Russia’s in the news, the bogeyman (bogeycountry?) from my childhood, only then it was “Mr. Gorbachev, tear down this wall” from a president staunchly opposed to Russian policies and interference (not that he was a peach, either).
So here at the beginning of 2019, and after thoroughly enjoying Katherine Arden’s Russian-set The Bear and the Nightingale, I hereby resolve to humanize the bogeyman and read the Great Russian Classics I somehow missed in my almost 20 years of education. I consulted a professor’s list of 10 Russian novels to read before you die & picked up a stack of really, really thick books from the library.
Of course, I’m starting with The Girl in the Tower, the second book in Katherine Arden’s Winternight Trilogy. This one takes place several years after the events of the first book, and it revisits Vasya’s older sister and brother, who left their rural home for very different lives in Moscow. While not technically a Russian novel–Arden is American, but was a student of Russian literature and lived in Moscow–the landscape and historical detail are so rich, I am thoroughly engrossed.
Then I’ll move on to Eugene Onegin (1833) by Alexander Pushkin, as recommended by my adopted Russian lit professor. I’m excited because it’s written in verse, but a little nervous because there are 4 volumes. I requested only the first one, which I think has the entire text; the rest looked like notes on the text. We’ll see whether I can make heads or tails of the story. But seriously, 3 volumes of notes? Gulp.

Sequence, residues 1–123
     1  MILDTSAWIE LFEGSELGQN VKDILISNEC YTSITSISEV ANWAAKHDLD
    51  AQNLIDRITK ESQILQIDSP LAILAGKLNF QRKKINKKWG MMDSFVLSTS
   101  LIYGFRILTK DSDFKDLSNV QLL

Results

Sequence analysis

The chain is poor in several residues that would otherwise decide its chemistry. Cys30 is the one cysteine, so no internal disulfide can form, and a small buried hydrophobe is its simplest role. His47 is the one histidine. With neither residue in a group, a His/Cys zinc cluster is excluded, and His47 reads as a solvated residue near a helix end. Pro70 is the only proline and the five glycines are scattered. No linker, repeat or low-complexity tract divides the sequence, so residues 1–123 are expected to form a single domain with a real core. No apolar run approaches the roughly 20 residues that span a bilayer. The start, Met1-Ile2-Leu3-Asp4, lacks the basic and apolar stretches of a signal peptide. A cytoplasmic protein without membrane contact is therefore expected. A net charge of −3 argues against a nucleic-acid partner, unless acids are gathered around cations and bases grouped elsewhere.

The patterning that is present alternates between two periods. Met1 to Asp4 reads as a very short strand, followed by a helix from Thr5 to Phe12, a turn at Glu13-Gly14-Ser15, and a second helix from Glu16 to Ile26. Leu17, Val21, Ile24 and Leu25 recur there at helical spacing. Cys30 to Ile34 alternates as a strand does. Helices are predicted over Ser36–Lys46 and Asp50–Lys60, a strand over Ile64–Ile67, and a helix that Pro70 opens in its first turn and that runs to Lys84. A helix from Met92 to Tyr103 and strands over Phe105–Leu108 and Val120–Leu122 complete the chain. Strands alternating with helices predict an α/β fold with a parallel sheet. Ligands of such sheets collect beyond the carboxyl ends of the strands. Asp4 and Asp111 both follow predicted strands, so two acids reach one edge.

I also checked out the biggie: War and Peace. The version I received is a 2015 paperback that was whipped up after a BBC miniseries; the cover looks like a YA historical romance, and the text inside may be too tiny for me to actually read, even with my fancy new reading glasses. I’ll give it a go–it’s a classic, so I’m determined–but might end up choosing a different version for readability (even if I need a wheelbarrow to cart it around).
That should set me for a little while, anyway. And when I become too bleary to read, maybe I’ll watch Doctor Zhivago again. When it comes to my choices for pleasure reading, romantic, historical Russia–as complicated as it was–seems a bit more comfortable to immerse myself within than the sinister Russia in the news. I hope reading fiction will aid my understanding & compassion for reality.
Update February 2019: So far, I have finished The Girl in the Tower and Eugene Onegin, one I loved and the other, not so much.
Loved it, possibly more than the first in the series. The juxtaposition of medieval political intrigue with fairy tale magic is so well balanced, even the oddest aspects feel real. I also adore these characters, from the flawed but powerful Vasya to her siblings, the upright Olga and the conflicted warrior-monk Sasha, to the Frost Demon.
The language, too, is exquisite, though this would be my only quibble: at times the pretty metaphors pull me from the story to admire them. Then again, I enjoy poetry and appreciate the well-structured sentence, so this did not hinder my enjoyment of the novel. Curl up beside the fire and enjoy this book!
Although this novel is considered a classic of Russian literature and has redeeming features, I struggled to plow through to the end. There are glittering moments of loveliness, and the author/narrator as a character both commenting on and acting in the drama added moments of interest. But the melodrama, cliches, and overworked Romantic language dragged this book down for me.
I read Nabokov’s translation into English, so it could be more interesting in the original Russian. For students of early 19th century Russian literature–there are lots of references and notes on the references–this might be worthwhile, but for the more casual reader, I would say this novel wasn’t compelling enough to recommend.